by Professor Gene Wengert

**Sawmilling**

Assume that you have five red oak logs that are 16" in diameter (small end) and 16' long, and one red oak log that is 16" x 8'. These logs would scale as 790 board feet Doyle scale. Let us also assume that these logs are Grade 2 red oak logs, with a value of $500 per MBF. Therefore, the logs are delivered to the sawmill for a total price of $395.

We would estimate that these logs will produce 1000 BF of lumber (although very careful sawing with a thin kerf mill could exceed this amount). They should produce 220 BF of FAS and Select grade lumber (worth $1225 per MBF) for a value of $270. They should produce 352 BF of No. 1 Common grade lumber (worth $875 per MBF) for a value of $308. They should produce 242 BF of No. 2 Common grade lumber (worth $550 per MBF) for a value of $133. They should also produce 160 BF of No. 3 Common grade lumber worth $57. (There was 24 BF of below grade or unsatisfactory lumber.) The total value of the lumber produced is valued at $768. This is green rough lumber. It is the value delivered to a customer.

The value added by sawing these logs and producing approximately 1000 BF of lumber is $768 - $395, which equals $373. This is not profit, however, as the sawing costs, lumber storage costs (if the lumber is not sold right away), log storage costs (if the logs are not sawn right away), lumber marketing costs, lumber delivery costs, and office costs must all be considered. These costs will vary greatly from mill to mill, but an average number including all of these costs except delivery might be $100 per MBF. (SPECIAL NOTE: Controlling the various costs, especially storage costs (sometimes called inventory costs) is certainly a key to successful sawmill operation.)

The “Bottom-Line” for sawmilling in this example is therefore $273 per MBF of lumber produced. (Note: This is close to $345 per MBF log scale.)

**Drying**

When we consider the potential markets for green lumber, we notice that if the lumber were kiln dried, the value goes up tremendously, at least for some grades and for some species. (This is certainly a key to successful drying: do not dry lumber that has only a small increase in value as a result of drying; look for the species and grades that have large increases in value.)

Continuing with the red oak example above, the customers for No. 3 Common do not pay anything extra for drying, so this lumber should be sold ASAP. (Sometimes No. 3A is used for flooring, but almost every flooring mill will prefer to dry the lumber themselves.) The No. 2 Common lumber has some limited markets for kiln dried lumber. These markets will typically pay about $175 per MBF extra for kiln dried lumber. For No. 1 Common, markets abound, with kiln dried premiums of $275 or more. Likewise, Select and FAS lumber markets are plentiful and will pay at least $300 per MBF for kiln drying. The value of 207 BF of FAS and Select kiln-dried lumber (Note: 220 BF of lumber will shrink about 6% in drying to 207 BF) is $321; 331 BF of No. 1 Common, $381; 227 BF of No. 2 Common is $170; and 160 BF of No. 3 Common is still $57 (green). The total value after drying (except for the No. 3 Common, which is green) is $321 + $381 + $170 + $57, which is $929. This is a value-added due to drying of $929 - $768, which is $161 (for kiln drying 765 BF). This is equivalent to a value-added of $210 per MBF. However, this is not the profit in drying. It is necessary to subtract the cost of drying, including stacking, inventory, energy, equipment, insurance, drying degrade (cracks, splits, etc.) and so on, as before. Again, such numbers vary greatly and are related to how profitable an operation really can be. However, a good number for total cost of drying oak lumber is $95 per MBF. For the example here, the drying cost for the 765 BF of kiln-dried lumber would be $73. So, the net profit $161 - $73, which is $88 gain for drying 765 BF or $115 per MBF. (Note: Six percent shrinkage is included.)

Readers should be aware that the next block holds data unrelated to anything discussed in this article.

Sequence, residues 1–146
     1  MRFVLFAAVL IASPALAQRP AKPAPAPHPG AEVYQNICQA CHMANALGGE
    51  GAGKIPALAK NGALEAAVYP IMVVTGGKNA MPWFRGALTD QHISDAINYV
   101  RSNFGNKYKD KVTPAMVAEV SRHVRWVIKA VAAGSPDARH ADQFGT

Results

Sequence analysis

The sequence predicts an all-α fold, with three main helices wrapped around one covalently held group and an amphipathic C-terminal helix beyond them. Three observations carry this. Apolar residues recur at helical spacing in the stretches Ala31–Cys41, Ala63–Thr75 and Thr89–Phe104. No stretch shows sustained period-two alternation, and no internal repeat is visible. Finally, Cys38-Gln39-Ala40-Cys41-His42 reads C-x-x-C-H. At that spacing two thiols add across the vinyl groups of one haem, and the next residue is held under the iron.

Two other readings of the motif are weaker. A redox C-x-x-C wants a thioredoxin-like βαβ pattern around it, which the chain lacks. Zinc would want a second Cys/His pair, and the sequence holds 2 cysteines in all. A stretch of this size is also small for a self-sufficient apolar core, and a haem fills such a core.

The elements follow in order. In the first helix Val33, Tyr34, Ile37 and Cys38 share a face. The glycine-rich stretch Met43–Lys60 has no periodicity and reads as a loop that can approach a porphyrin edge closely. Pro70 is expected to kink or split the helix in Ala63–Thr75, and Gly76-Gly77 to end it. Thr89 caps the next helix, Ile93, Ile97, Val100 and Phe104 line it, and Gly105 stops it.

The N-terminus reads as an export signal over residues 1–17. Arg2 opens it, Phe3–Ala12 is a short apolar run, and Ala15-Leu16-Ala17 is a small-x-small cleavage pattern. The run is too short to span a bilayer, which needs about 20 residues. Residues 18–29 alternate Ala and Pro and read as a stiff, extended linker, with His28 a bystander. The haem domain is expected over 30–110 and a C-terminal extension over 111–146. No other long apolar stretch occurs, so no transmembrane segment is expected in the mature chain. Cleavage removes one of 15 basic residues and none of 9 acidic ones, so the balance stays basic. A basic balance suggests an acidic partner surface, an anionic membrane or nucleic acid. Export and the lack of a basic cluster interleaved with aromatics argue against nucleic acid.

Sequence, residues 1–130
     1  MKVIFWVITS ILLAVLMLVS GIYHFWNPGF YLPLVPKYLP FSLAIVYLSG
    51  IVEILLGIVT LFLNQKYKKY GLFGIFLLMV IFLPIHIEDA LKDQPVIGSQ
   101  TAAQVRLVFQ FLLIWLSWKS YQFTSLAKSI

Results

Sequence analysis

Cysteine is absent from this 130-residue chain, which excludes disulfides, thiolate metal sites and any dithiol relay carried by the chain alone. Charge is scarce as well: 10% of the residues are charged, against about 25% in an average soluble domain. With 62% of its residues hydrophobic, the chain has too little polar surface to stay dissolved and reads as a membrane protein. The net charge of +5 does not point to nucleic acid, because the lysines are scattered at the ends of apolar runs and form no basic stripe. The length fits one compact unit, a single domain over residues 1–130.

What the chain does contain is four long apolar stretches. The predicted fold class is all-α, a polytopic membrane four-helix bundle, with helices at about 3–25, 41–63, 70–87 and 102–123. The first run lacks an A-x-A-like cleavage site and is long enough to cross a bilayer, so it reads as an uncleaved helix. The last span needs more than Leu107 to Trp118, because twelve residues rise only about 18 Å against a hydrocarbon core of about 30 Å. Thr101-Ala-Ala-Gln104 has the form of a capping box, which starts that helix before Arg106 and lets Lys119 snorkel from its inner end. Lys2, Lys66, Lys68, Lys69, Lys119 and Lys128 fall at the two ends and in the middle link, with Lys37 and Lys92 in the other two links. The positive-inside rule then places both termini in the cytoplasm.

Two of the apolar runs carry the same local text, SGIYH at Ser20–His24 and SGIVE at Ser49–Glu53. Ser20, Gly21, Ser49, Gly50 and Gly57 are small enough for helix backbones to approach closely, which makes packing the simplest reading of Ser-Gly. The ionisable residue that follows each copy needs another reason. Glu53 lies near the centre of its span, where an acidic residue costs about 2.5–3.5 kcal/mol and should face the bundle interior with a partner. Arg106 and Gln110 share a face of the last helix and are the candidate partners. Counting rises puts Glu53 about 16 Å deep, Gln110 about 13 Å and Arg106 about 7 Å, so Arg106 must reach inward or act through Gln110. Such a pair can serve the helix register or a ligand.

**Additional Processing**

FAS and Select lumber cannot usually be cut-up PROFITABLY into smaller pieces by a secondary processing operation. Much of it is sold as export lumber or special use lumber, markets which a small producer does not have access to. Therefore, this lumber should be sold as kiln-dried lumber. A few pieces might be kept for a retail outlet, running them through a planer or molder to make S2S (surfaced 2 sides) lumber. This potential is not considered in this example, but this special local retail market should be investigated.

The No. 1 Common lumber can be cut into smaller pieces profitably. In the hardwood business, such pieces are called hardwood dimension. Often these dimension pieces are S2S or even S4S. If the 331 BF of No. 1 Common lumber (worth $381 if sold as lumber) is sawn into dimension, approximately 205 BF of parts will be obtained with a value of $492 (based on $2400 per MBF). The cost of manufacturing these parts is about $62. So, the net value is $492 - $62, or $430. This is $49 more than if the lumber was sold without further processing (or the gain is over $239 per MBF of No. 1 Common lumber).